"New Kids: Big Dreams and Brave Journeys at a High School for Immigrant Teens"
Free Press, 2011
Negotiating access to a New York city public school is perhaps one of the most time-consuming parts of an education reporter’s job. Often, a principal will say you have to ask the Department of Education, which will then tell you it is up to the principal to let you visit the school.
Sometimes the back-and-forth leads nowhere, and you are left wondering about the great stories you must be missing. Like the story of the new immigrants who attend one of the city’s international high schools, the topic of Brooke Hauser’s absorbing first book, “The New Kids: Big Dreams and Brave Journeys at a High School for Immigrant Teens.”
The book is most remarkable because of its intimate portrait of the International High School at Prospect Heights in Brooklyn, its teachers and its multilingual roster of students, some of whom arrive in class unable to speak a word of English and others who are simply “afraid to speak,” as Ms. Hauser describes them.
Through details, like the “nervous, pink flush” that creeps down a teacher’s neck as a student reads her (imperfect) college application essay to an entire classroom, Ms. Hauser reveals the depth of the access she received, as well as her keenly attentive eye: the tulle train of a student’s prom skirt spreads “like an overturned bowl of Hawaiian punch,” the hugs Haitian girls give one another feel “like body slams in a cage match,” the brown skin oozing from too-tight jeans looks “like fresh taffy.”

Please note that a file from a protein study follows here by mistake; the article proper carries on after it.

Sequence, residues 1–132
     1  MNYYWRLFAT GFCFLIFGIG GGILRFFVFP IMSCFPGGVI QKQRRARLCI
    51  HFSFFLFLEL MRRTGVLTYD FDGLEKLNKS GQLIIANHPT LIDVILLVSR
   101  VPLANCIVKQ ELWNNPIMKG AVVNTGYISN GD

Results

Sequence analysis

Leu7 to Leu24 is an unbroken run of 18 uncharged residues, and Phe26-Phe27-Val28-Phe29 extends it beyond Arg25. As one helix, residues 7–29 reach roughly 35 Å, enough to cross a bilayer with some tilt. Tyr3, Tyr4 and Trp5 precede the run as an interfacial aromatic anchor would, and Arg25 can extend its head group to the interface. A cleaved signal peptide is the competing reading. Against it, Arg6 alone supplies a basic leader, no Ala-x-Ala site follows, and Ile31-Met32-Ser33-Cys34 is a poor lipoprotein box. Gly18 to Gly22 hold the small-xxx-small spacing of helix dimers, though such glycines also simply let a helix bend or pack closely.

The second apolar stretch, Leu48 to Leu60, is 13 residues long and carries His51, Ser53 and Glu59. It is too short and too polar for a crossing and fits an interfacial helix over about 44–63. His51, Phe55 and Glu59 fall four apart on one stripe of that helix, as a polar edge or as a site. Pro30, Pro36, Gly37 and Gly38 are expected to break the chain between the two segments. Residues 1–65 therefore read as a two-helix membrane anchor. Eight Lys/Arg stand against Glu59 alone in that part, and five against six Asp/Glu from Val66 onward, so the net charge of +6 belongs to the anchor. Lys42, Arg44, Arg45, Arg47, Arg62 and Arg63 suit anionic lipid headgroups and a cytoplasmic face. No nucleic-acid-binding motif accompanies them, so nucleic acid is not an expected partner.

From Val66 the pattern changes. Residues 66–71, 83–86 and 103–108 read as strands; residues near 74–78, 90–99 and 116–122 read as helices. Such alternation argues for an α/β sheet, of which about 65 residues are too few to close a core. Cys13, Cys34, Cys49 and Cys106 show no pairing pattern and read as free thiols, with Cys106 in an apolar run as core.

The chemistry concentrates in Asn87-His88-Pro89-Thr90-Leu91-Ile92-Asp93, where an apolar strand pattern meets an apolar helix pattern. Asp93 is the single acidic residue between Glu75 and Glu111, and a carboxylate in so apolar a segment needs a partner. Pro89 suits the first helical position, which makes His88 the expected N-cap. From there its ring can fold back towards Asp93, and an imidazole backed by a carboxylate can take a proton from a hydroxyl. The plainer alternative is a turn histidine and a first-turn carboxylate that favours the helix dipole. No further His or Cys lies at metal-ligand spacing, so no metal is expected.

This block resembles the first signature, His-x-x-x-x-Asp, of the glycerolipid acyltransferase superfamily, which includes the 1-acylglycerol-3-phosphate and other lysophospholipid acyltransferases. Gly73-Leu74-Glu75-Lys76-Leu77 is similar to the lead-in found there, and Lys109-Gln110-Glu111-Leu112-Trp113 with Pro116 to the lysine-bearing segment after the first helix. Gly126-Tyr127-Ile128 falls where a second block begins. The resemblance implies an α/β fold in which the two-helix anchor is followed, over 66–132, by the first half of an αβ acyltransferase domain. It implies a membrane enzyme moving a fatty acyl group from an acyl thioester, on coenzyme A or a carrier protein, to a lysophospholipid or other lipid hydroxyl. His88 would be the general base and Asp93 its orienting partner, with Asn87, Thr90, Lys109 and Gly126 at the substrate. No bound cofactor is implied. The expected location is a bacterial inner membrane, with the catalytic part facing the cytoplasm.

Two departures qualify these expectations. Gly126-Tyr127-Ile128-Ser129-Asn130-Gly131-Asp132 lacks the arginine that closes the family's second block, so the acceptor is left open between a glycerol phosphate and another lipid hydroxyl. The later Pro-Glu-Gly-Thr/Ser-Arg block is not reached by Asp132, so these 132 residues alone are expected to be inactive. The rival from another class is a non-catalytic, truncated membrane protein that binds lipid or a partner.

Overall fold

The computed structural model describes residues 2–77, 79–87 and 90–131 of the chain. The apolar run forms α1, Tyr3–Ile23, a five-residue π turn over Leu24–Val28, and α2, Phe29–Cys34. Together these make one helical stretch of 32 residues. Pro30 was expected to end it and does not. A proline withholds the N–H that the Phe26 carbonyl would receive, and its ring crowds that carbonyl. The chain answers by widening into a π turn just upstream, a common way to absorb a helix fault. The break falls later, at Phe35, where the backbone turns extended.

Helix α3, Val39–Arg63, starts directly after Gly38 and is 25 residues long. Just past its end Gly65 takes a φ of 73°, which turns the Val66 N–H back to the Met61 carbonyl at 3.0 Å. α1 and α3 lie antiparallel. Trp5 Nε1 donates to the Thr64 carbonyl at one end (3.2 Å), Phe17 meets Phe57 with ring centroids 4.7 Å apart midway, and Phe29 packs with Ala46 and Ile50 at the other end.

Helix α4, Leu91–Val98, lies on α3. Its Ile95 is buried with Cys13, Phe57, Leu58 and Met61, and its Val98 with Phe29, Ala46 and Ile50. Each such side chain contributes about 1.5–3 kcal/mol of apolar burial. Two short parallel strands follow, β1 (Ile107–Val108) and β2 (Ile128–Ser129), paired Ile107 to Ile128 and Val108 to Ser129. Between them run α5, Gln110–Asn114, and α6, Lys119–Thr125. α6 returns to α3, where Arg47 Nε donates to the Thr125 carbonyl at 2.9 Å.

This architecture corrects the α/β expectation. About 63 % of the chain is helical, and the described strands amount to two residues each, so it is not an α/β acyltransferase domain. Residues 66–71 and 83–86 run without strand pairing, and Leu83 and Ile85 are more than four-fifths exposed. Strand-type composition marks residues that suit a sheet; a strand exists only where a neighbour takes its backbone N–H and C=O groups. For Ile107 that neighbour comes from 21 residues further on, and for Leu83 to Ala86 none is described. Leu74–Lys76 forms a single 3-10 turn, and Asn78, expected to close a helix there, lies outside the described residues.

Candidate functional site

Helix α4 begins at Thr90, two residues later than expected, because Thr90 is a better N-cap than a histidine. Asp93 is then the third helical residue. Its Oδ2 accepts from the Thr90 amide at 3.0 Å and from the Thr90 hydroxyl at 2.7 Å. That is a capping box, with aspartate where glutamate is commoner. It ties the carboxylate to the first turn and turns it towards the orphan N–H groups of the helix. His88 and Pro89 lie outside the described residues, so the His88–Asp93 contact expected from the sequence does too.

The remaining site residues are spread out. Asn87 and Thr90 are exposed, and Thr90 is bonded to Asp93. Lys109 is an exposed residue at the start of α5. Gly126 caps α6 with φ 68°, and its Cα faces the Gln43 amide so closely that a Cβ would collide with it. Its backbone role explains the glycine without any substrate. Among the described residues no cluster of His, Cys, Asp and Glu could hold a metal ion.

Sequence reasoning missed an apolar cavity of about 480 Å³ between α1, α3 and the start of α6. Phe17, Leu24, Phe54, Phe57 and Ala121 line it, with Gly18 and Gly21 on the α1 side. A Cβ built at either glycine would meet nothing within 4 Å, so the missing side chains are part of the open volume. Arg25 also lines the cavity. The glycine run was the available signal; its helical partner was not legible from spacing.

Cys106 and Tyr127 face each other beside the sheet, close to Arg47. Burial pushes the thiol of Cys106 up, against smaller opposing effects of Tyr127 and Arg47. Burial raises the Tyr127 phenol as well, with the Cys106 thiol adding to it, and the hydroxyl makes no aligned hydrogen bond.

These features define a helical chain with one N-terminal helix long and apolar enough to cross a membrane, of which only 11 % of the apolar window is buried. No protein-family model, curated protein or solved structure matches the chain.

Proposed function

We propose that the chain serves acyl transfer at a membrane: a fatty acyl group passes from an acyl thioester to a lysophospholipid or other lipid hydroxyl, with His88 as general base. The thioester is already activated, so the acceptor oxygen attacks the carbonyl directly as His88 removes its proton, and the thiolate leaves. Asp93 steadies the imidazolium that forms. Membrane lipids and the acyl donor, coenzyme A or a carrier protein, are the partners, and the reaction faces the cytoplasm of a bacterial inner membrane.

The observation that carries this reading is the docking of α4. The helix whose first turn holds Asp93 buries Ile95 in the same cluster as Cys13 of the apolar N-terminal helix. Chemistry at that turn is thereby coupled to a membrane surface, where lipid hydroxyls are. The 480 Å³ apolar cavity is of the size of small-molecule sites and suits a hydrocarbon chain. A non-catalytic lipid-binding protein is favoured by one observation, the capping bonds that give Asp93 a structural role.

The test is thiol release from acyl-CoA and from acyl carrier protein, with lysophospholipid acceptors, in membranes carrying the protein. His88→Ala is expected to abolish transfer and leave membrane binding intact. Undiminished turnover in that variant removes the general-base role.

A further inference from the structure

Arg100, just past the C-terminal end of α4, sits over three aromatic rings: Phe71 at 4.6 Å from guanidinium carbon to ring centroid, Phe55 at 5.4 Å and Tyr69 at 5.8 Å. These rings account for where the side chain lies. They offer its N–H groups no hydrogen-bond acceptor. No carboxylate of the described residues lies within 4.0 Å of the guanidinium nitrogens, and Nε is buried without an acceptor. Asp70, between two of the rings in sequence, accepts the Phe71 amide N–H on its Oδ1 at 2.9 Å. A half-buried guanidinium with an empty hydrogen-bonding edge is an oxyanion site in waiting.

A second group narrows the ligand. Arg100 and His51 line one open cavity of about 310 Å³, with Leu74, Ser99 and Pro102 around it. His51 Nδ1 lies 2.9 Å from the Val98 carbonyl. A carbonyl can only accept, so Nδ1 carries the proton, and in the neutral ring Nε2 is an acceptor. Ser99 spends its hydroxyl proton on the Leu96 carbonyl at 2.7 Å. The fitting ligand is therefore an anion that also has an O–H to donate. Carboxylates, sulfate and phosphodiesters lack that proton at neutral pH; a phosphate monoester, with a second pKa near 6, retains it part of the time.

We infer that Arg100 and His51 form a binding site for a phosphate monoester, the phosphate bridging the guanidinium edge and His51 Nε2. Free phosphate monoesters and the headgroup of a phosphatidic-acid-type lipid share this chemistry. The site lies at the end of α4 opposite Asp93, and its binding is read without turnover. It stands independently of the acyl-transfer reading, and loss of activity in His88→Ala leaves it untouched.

Ms. Hauser, 32, a freelance writer, wrote about the school’s first prom for The New York Times in 2008. The book grew out of the article; it takes readers through a year inside International, one of 12 high schools operated by the nonprofit Internationals Network for Public Schools, whose admission requirements include failing the city’s English language assessment test.
In the book’s 320 pages, she tackles themes that are familiar in New York schools, like religious norms, teenage pregnancy, unorthodox living arrangements and the question that has troubled young immigrants for, I guess, as long as they have been coming to this country: What does it really mean to be an American?
I spent years agonizing over it, after moving here from Brazil in 1998. But then I learned that “American” has many definitions; the students Ms. Hauser profiles embody several of them — “poor and middle class, Christian and Muslim,” she writes, “aspiring actors, doctors, zoologists and flight attendants.”
They are, she goes on, immigrants “divided into two categories: legal or illegal.”
Ms. Hauser makes no political statements, but her stories have a clear message that is perhaps best encapsulated by the speech that James Rice, whom the class of 2009 picked as teacher of the year, gave at graduation:
You have traveled by boat, or on foot across deserts and mountains, swum across rivers, sometimes with family, sometimes completely alone, some of you through war zones and refugee communities, all to get here.
It is the same path carved by young immigrants who came before them. To this day, most still end up in traditional public schools. Ms. Hauser’s book tells a story of possibilities for the few hundred of them who, every year, are lucky enough to find their way into a school created for them.